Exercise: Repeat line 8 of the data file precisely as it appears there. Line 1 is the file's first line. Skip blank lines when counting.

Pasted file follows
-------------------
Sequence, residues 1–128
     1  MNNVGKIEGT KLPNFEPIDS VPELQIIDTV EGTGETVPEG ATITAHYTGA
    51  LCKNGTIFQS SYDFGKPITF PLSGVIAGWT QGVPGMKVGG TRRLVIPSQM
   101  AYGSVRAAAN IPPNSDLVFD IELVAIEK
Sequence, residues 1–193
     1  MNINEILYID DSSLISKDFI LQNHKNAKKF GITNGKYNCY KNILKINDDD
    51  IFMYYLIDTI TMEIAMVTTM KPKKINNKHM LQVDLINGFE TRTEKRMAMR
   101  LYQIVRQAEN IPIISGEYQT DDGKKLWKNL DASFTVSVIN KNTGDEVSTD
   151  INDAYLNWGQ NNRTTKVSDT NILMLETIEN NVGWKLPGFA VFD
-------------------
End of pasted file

   101  LYQIVRQAEN IPIISGEYQT DDGKKLWKNL DASFTVSVIN KNTGDEVSTD